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Srikant Krishna is a financial technologist and quantitative trader. He has a background in biophysics, software development, and the capital markets. He has lived in Brooklyn, NY, Staten Island, NY, Holmdel, New Jersey, Piscataway, NJ, New York City, Boston, MA and currently resides in... More
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Srikant Krishna
  • No More Reveling In NJ 0 comments
    Mar 3, 2013 2:05 PM

    The recent bankruptcy filings by the $2.4 billion Atlantic City, NJ casino Revel should be an eye-opener for those who continue to insist that a "recovery" is underway - especially in the commercial real estate market.

    From "NewJerseyNewsRoom.com":

    Operators of the $2.4 billion Revel casino, which opened last April in Atlantic City, announced plans last week to file Chapter 11 bankruptcy in late March. The bankruptcy will help reduce its more than $1 billion debt and allow it to keep operating, reported MSN MoneyNOW.

    According to the Star Ledger, the casino resort was an attempt to turn around Atlantic City's staggering fortunes and keep gamblers from continuing to flock to casinos in neighboring Pa., which last year surpassed N.J. as second-largest gambling center in the U.S., behind Las Vegas.

    New Jersey Gov. Chris Christie hailed the resort as a "game-changer" and it was therefore provided with $300 million worth of aid by the state. But he couldn't have been more wrong.

    New Jersey Gov. Chris Christie hailed the resort as a "game-changer" and it was therefore provided with $300 million worth of aid by the state. But he couldn't have been more wrong.

    The casino did not transform Atlantic City's struggling gambling scene as hoped, instead it has performed poorly over the past 11 months. In January, Revel generated less than $8 million in casino revenue, ranking it last among the city's 12 casinos, according to state data.

    According to News 12 New Jersey, the pre-packaged bankruptcy will wipe away more than $1 billion of its debt by converting more than $1 billion of it into equity for lenders.

    From in between Stamford, CT, where I reside, to New Jersey, I see large swaths of commercial real estate that either long been shuttered, currently going out of business, or quite often the case, struggling to retain business and merely present convey a feeling of comfort and stability.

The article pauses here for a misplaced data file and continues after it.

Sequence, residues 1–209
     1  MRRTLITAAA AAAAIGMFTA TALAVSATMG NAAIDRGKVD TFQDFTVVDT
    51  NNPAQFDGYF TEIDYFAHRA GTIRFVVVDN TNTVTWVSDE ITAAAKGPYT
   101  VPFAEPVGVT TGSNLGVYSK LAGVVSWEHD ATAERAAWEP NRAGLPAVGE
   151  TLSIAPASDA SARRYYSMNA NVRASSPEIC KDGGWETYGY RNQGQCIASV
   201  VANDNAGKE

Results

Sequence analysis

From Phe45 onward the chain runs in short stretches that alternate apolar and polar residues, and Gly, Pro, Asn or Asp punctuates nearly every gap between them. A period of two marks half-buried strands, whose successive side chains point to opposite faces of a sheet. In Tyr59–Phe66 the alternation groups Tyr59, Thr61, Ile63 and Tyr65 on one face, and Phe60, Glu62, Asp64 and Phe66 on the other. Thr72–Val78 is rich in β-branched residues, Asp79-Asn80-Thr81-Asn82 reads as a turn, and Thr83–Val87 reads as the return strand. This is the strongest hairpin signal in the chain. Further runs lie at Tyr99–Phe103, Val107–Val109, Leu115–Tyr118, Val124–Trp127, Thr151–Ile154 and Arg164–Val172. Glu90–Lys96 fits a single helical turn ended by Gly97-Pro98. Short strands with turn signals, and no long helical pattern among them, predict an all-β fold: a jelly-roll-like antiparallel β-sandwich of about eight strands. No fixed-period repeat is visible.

Perhaps the most paradoxical element of these observations is that new commercial real estate continues to be built - either in the form of strip malls, office buildings (in the suburban areas), or more expensive top-grade commercial space (in the case of New York City). It appears that commercial real estate developers and owners have taken it in the chin twice - first, during the onset of the Global Financial Crisis in 2007, then once again from 2010 onwards.

    But there are two primary reasons for this, which together explain how the real-estate market is continuing to undergo distortions and disolocations from the "real" market that can only produce staggering tragedies such as the Revel casino. Firstly, many developers had expected a typical cyclical recession in 2009 that would quickly subside in several years. They therefore viewed the low prices at the time as an opportunity to create tidy profits in the coming years as the market recovered. Unfortunately, it appears that they held the artificial "stock market" in too high a regard and did not examine the "real" market for goods and services which did not exhibit such a favorable prognosis.

    Secondly, governments and politicians who have been proclaiming a "recovery" have been quick to introduce stimulus measures and tax subsidies for these projects, which only serves to exacerbate the plight of the entire market. After all, commercial real estate participants who have not been sufficiently "lucky" or "qualified" (both read: connected) to receive political or government support will witness a transfer of their fortunes to those who have.

    We unfortunately will see this game played for a long time along the Malthusian plateau of sustainability as hungry developers increasingly compete in the ferocious circumstance of an evaporating waterhole occasionally watered by a political waterhose.

    Copyright © 2013, Srikant Krishna

    Srikant Krishna is a financial technologist and quantitative trader. He has a background in biophysics, software development, and the capital markets.

    You can follow him on Twitter @SrikantKrishna, and on LinkedIn at http://www.linkedin.com/in/srikantkrishna/, or e-mail him at sri@srikantkrishna.com.

    You can visit his blog as well.

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